Overcoming Disappointment

As I have started working more, I should not have been surprised when I had my first work disappointment. My primary school was approved for the Books for Africa project to get a library at a significantly reduced cost, and they have to pay a small portion of the fees to make sure they are invested in the project. I had suggested we fundraise for the cost, but my head teacher assured me he could pay the fee out of the school fees. Well, as the deadline approached I went to the school repeatedly trying to get the check, and they did not have it. Since the deadline is not something I control, when the school missed the deadline they are no longer qualified for the project. It is disappointing for any number of reasons, but not at all unusual.

Any development work here, especially following the Peace Corps approach is sometimes frustratingly slow.  Besides the differences culturally in definitions such as “on time” or “professional”, there are other barriers as well. The reason my school did not have money from school fees yet is because the government, which now covers fees for grades 1-6, had not yet paid the schools. For the first couple weeks of the term there was no electricity in the school. Obviously, paying teachers salaries takes priority over creating a library.

While this is a problem, there is an underlying problem I noticed the day before the check was due. When I explained, for the umpteenth time, that if the check were late there would be no books, my head teacher seemed slightly skeptical if that would hold true. There is little accountability from some development organizations so it is not entirely surprising our deadline seemed flexible. Secondly, the community having to put in any effort to receive aid is rare, especially in Swaziland. That is not to say they do not need or deserve the assistance, but rather they rarely have to work for it. My head teacher asked me why the US government could not just pay the fee for them when I said we would not have a library this year. While I was annoyed because I had explained repeatedly it’s not so much about the money as making sure the community is committed to the project; I also understand where they are coming from. When other organizations will give away assistance for free, there is little incentive to work with an organization that requires buy-in for the same or similar services.

While I firmly believe in Peace Corps’ approach to development; that combined with a legacy of other organizations in the community can make it much harder to do my job. I was disappointed the project I was most excited for is not going to happen, and sometimes it makes it very hard to feel accomplished. During training the medical unit showed us a chart of the average PCV’s emotions during service. We are currently in a low period according to the chart, and a lot of my friends’ texts, and it is easy to see why. Now that we are starting to do real work we are also starting to see real failures.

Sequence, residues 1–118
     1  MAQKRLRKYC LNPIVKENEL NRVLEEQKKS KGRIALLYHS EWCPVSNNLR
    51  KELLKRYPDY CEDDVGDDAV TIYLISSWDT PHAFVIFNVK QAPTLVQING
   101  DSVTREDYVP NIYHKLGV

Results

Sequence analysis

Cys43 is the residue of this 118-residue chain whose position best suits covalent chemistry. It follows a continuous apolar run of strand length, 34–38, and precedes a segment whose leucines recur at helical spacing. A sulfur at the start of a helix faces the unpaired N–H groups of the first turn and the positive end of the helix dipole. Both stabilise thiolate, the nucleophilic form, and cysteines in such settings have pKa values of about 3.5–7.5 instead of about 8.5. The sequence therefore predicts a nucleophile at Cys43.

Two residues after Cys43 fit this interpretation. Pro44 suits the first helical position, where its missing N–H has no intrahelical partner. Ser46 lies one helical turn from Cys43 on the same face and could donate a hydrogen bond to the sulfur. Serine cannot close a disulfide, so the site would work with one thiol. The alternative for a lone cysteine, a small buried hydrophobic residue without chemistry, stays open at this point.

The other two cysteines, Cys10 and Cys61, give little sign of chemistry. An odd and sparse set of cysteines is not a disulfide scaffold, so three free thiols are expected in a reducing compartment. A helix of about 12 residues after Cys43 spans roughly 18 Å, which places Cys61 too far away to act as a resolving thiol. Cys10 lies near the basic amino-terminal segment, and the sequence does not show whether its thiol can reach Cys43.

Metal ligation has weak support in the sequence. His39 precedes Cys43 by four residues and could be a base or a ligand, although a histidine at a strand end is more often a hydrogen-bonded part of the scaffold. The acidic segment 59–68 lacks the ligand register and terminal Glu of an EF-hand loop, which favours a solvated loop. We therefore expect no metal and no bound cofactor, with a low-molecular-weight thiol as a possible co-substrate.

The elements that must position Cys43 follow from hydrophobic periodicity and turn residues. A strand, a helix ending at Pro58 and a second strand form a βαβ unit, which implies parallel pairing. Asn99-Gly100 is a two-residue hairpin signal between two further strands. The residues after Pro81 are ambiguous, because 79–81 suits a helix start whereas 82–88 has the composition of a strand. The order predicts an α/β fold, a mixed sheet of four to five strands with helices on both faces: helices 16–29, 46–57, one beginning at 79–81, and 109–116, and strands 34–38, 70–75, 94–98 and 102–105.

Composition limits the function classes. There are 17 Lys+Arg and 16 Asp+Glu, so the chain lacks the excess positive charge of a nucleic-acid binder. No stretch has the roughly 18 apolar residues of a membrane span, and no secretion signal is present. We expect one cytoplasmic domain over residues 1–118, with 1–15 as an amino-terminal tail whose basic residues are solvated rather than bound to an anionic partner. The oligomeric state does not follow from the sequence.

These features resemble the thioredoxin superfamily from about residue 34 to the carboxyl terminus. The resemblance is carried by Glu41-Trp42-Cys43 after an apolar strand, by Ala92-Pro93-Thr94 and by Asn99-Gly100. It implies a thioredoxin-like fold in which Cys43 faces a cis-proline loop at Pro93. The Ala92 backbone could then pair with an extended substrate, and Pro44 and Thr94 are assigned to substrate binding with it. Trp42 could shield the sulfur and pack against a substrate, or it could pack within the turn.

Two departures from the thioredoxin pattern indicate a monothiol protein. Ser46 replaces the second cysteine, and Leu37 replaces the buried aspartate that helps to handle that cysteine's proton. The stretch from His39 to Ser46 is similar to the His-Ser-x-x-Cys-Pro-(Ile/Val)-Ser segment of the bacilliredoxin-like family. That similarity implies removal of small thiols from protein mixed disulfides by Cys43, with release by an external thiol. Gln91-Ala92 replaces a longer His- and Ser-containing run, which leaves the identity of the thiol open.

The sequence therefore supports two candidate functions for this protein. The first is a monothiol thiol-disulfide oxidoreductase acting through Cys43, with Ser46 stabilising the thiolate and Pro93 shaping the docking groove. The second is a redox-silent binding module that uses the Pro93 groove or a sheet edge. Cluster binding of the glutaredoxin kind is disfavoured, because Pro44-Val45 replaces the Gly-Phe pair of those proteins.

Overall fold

I thought I’d post a random picture of me and my friends hiking since my project didn’t work out!

Hiking with the gals

Hiking with the gals

A Day in the Life

A Day In the Life Since most of my days are unremarkable, I decided to document one. This is my average Tuesday; 4:00 wake up from the roosters, roll over and go back to sleep 6:00 actually wake up 6:15 get out of bed, boil water, and add water to the filter for drinking water for the day 6:30 eat breakfast of oatmeal, green tea, and an apple 7:00 yoga 8:10 take my 20l bucket to fill at the tap for water 8:30 heat water on the stove for a bath, brush teeth, wash face etc then take a bath-by bath I mean kneeling over a basin while splashing lukewarm water around 8:50 walk to charge my computer 9:00 2 more trips for water 9:15 laundry-hand wash with a bar of lye, dump the water, rinse, and hang to dry outside, repeat until everything is clean 11:00 cook lunch of rice and lentils 11:30 eat lunch and read for a little 12:00 wash dishes 12:30 walk to get my computer back 12:45 read prep material for a workshop on Friday 13:00 sit outside with my host siblings 14:00 visit my neighbor who had a baby last week 15:00 prep and pack for grass root soccer practice tomorrow 16:30 make and eat dinner of instant soup and popcorn 17:00 read in my hammock until the sun sets 17:30 suns down-in for the night 18:00 put on a movie and knit until bedtime captions: sunset on the hammock typical lunch

Some of my Swazi Family

Some of my Swazi Family

3 of my Swazi moms

2 of my Swazi moms

Swaziland Families

Gogo-grandmother

Mkhulu-grandfather

Babe-father

Make-mother

Sisi-sister

Bhuti-brother

The list above can define just about every one of the fifty some people who I live with here. I have been trying for 6 months now to figure out how I am related to some of the people on my homestead, and still have not been able to. While at home we have siblings, cousins, stepparents, adoptive parents, neighbors, and friends here the lines are much more blurred. Swazi culture in general, is much more inclusive to all relations. Your parents’ siblings’ children are your bosisi and bobhuti. The adult who takes care of you is your babe or make no matter if you are related or not. Your father’s brother is your babe too, and any woman old enough is your gogo. The culture here is less worried about how you are related and more worried that you are taken care of.

I was talking to another volunteer about my friend who takes care of her kids and her husband’s kids, who were born during his marriage to another woman. My friend’s first question was if the kids that are not biologically the woman’s children are treated differently. It’s a fair question, but I never even knew they were not all her children until I met the other woman, and was told afterwards that she was the mom of a boy I had thought was my friend’s.